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Decreasing Magnetism

  1. Apr 21, 2007 #1
    Hey guys.

    I am perhaps in the wrong section but the coursework help forum didn't seem right. My question is concerning the decrease in magnetism of an electromagnet.

    I have a ball hanging from an elctromagnet which will have the power source removed instantly. There may be some delay before the power to the electromagnet is cut but once this happens does the magnetism drop straight away to nothing. I understand it doesn't but does it drop off exponentially. The magnet has one of those soft iron cores so doesn't hold the magnetism very well after being turned off but what shape the curve is matters most. Magnetic Hysteresis? Also I noticed that when i turned the switch off the voltmeter didn't go to zero stright away but could but showed it drop down in more or less an exponential decrease - very quickly went from 8v to 4v, 1.5, 0.6v, 0. Do you think this means power is still getting to the electromagnet if the voltmeter is registering voltage like this.

    My intention was to show that residual magnetism has little effect once the ball is falling as the magnetism drops off and the ball is further away. Then I could put two curves next to each other and show a two fold decrese. it gets more complicated as the ball is accelerating. Then there is another factor which is that the ball is not accelerating linearly due to the pull from the electromagnet. This is probably a neglible effect and is not quantifiable with the information available. Really what i want to do is make my coursework seem a bit more in depth and add a bit of flashy maths. If I am only able to mention this effect it would still be worth it. Any help is much appreciated. Thanks very much.
  2. jcsd
  3. Apr 21, 2007 #2
    I'm not really into electromagnets, but from what you said here, it might be an interesting experiment to have two electromagnets: one with at extremely high power, and the other barely enough to hold the ball in place. You could put the iron ball on the magnet, and then immediately turn both power supplies off at the same time and see if there is any difference in velocities/acceleration.
  4. Apr 22, 2007 #3
    Good idea. When I did a preliminary experiment I didn't bother much with the voltage because I knew I wanted to suggest using just enough voltage as an improvement for the full experiment. The results weren't mcuh different but using a very high votage (maybe sticking a few power packs together) and seeing if there is a significant effect is a possibility.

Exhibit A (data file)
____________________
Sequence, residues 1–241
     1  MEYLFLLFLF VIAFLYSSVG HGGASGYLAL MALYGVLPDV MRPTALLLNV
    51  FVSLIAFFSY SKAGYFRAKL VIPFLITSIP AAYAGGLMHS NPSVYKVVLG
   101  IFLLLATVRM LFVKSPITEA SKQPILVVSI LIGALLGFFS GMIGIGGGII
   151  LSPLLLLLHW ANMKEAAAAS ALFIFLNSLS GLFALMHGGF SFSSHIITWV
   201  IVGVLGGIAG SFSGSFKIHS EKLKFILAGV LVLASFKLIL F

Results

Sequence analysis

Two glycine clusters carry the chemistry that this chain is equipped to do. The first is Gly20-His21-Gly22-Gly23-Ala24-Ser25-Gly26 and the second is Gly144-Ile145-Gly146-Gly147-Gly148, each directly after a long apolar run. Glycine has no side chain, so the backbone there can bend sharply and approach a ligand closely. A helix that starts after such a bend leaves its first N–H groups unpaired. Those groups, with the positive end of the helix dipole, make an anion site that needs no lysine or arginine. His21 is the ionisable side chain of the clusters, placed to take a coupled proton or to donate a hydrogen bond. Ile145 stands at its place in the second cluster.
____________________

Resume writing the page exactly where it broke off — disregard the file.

The problem is I have done the experiment so this is all theory and talking about reliability of results and the error that residual magnetism introduces. Ideally, I would be able to get a value for the delay or effect that the magnet was having but this is way too complicated. If I did use a low and a high voltage and was able to show that despite a big difference in power used the times were not noticably or hardly affected by this. Then i could write off the effect of residual magnetism as negligible.

    Also, becasue of my set up i could implement your plan very easily as i have a time and a cut off pad. All i would need to do is the drops one after the other and compare the times.

    Thank you very much for your idea. I could mention it as a possibilty for future improvements to the experiement to get more accurate results and understanding of the errors. My research thus far suggests that the magnetism does decrease more or less expoentially.
  5. Apr 22, 2007 #4
    An electromagnet is an inductance. The behavior of an inductance is well explained by its definition:
    [tex]V=L{dI\over dt}[/tex]
    L is the inductance, V the voltage across it and I the current through the inductance.
    In a real inductance you must add a term RI for the drop across the ohmic resistance of the wire.
    When you open the switch, the current do not stop. It can't. It would imply an infinite voltage across the inductance. You could ask "If the switch is open, what is the path for the current? No problem, it will found one. The first one is to charge the parasitic capacitances of the device. The voltage grows across the capacities and a spark can occur. If not, there will be an oscillation in the inductance and the parasitic capacitance (LC oscillator).
    In any case in an inductor there cannot be instantaneous change in current.
    Last edited: Apr 22, 2007
  6. Apr 22, 2007 #5
    Thinking about what you have said it makes sense and I think I understand the concept you are explaining. It is unfortunately well outside the scope of my investigation. Its quite an interesting idea and explains a few things.

    Thanks very much for your help. I have written a bit more about magnetism and i don't think i really need to add more. Cheers again guys.
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